Orava J.,7 Charles Babbage Road |
Orava J.,Tohoku University |
Hewak D.W.,University of Southampton |
Greer A.L.,7 Charles Babbage Road |
Greer A.L.,Tohoku University
Advanced Functional Materials | Year: 2015
Phase-change random-access memory relies on the reversible crystalline-glassy phase change in chalcogenide thin films. In this application, the speed of crystallization is critical for device performance: there is a need to combine ultrafast crystallization for switching at high temperature with high resistance to crystallization for non-volatile data retention near to room temperature. In phase-change media such as nucleation-dominated Ge2Sb2Te5, these conflicting requirements are met through the highly "fragile" nature of the temperature dependence of the viscosity of the supercooled liquid. The present study explores, using ultrafast-heating calorimetry, the equivalent temperature dependence for the growth-dominated medium Ag-In-Sb-Te. The crystallization shows (unexpectedly) Arrhenius temperature dependence over a wide intermediate temperature range. Here it is shown that this is evidence for a fragile-to-strong crossover on cooling the liquid. Such a crossover has many consequences for the interpretation and control of phase-change kinetics in chalcogenide media, helping to understand the distinction between nucleation- and growth-dominated crystallization, and offering a route to designing improved device performance. © 2015 WILEY-VCH Verlag GmbH & Co. KGaA, Weinheim.
Loudon J.C.,7 Charles Babbage Road |
Yazdi S.,Technical University of Denmark |
Kasama T.,Technical University of Denmark |
Zhigadlo N.D.,ETH Zurich |
And 2 more authors.
Physical Review B - Condensed Matter and Materials Physics | Year: 2015
We demonstrate that images of flux vortices in a superconductor taken with a transmission electron microscope can be used to measure the penetration depth and coherence length in all directions at the same temperature and magnetic field. This is particularly useful for MgB2, where these quantities vary with the applied magnetic field and values are difficult to obtain at low field or in the c direction. We obtained images of flux vortices from a MgB2 single crystal cut in the ac plane by focused ion beam milling and tilted to 45? with respect to the electron beam about the crystallographic a axis. A new method was developed to simulate these images that accounted for vortices with a nonzero core in a thin, anisotropic superconductor and a simplex algorithm was used to make a quantitative comparison between the images and simulations to measure the penetration depths and coherence lengths. This gave penetration depths Λab=100±35 nm and Λc=120±15 nm at 10.8 K in a field of 4.8 mT. The large error in Λab is a consequence of tilting the sample about a and had it been tilted about c, the errors on Λab and Λc would be reversed. Thus obtaining the most precise values requires taking images of the flux lattice with the sample tilted in more than one direction. In a previous paper [J. C. Loudon, Phys. Rev. B 87, 144515 (2013)PRBMDO1098-012110.1103/PhysRevB.87.144515], we obtained a more precise value for Λab using a sample cut in the ab plane. Using this value gives Λab=107±8 nm, Λc=120±15 nm, ξab=39±11 nm, and ξc=35±10 nm, which agree well with measurements made using other techniques. The experiment required two days to conduct and does not require large-scale facilities. It was performed on a very small sample, 30×15 μm and 200-nm thick, so this method could prove useful for superconductors where only small single crystals are available, as is the case for some iron-based superconductors. © 2015 American Physical Society.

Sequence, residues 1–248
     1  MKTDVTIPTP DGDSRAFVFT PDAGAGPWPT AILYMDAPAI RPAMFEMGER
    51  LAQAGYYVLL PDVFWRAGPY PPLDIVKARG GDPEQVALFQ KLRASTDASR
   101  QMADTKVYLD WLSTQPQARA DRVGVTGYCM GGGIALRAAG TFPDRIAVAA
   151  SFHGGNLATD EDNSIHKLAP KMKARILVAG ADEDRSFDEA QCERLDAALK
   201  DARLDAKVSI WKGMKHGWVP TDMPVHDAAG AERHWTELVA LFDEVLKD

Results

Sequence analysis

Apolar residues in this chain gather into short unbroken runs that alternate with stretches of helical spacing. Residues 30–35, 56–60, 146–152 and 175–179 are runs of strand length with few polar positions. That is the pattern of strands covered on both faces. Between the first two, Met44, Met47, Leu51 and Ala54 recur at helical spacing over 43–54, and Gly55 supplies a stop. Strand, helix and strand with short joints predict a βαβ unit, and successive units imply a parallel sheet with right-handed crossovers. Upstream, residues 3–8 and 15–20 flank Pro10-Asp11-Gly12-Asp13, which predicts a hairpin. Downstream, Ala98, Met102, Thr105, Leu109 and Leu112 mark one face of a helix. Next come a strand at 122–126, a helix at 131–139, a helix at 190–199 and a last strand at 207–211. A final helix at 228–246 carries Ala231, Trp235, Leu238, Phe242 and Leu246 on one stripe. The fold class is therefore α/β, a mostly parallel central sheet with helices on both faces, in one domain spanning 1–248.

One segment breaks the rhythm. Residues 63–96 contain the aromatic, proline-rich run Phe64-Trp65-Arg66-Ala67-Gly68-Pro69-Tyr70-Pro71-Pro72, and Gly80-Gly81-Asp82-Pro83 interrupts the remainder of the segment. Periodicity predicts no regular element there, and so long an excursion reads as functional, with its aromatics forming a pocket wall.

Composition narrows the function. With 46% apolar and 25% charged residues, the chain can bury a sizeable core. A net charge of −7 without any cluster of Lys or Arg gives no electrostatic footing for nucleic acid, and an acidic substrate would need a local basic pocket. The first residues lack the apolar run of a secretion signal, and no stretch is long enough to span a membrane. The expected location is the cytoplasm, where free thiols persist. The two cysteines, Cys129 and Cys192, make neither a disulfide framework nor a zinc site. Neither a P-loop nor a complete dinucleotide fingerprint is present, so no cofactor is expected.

Li W.,University of Nottingham |
Coulson J.,University of Nottingham |
Marrow P.,University of Nottingham |
Smith R.J.,University of Nottingham |
And 3 more authors.
Journal of Physics: Conference Series | Year: 2016
Spatially resolved acoustic spectroscopy (SRAS) is a laser ultrasonic technique that shows qualitative contrast between grains of different orientation, illustrating the sensitivity of acoustic waves to the material structure. The technique has been improved significantly on determining the full orientation of multigrain cubic metals, by comparing the measured surface acoustic wave (SAW) velocity to a pre-calculated model. In this paper we demonstrate the ability of this technique to determine the orientation of hexagonal structure crystals, such as magnesium and titanium based alloys. Because of the isotropy of the SAW velocity on the basal plane (0001) of hexagonal crystals, the slowness surface is shown as a circle. As the plane moves from (0001) towards (1120) or towards (1010), the slowness surface gradually turns into an oval. These acoustic properties increase the difficulty in orientation determination. The orientation results of a grade 1 commercially pure titanium by SRAS is presented, with comparison with electron backscattered diffraction (EBSD) results. Due to the nature of SAWs on hexagonal structure crystals, only the results of Euler angles 1 and 2 are discussed. The error between SRAS and EBSD is also investigated.